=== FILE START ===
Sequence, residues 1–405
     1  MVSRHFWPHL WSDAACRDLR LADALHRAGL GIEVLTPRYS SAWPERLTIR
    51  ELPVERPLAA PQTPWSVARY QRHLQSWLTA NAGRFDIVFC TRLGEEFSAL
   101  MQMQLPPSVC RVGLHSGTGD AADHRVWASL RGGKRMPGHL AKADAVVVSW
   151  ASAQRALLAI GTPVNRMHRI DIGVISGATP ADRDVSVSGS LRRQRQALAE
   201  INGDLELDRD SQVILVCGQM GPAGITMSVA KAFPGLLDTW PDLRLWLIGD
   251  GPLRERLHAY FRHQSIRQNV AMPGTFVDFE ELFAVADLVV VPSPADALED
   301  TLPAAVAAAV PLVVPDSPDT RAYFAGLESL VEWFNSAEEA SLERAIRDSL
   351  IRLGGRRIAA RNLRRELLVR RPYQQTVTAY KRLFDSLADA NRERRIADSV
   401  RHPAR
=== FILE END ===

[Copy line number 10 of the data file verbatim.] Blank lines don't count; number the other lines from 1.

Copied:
   401  RHPAR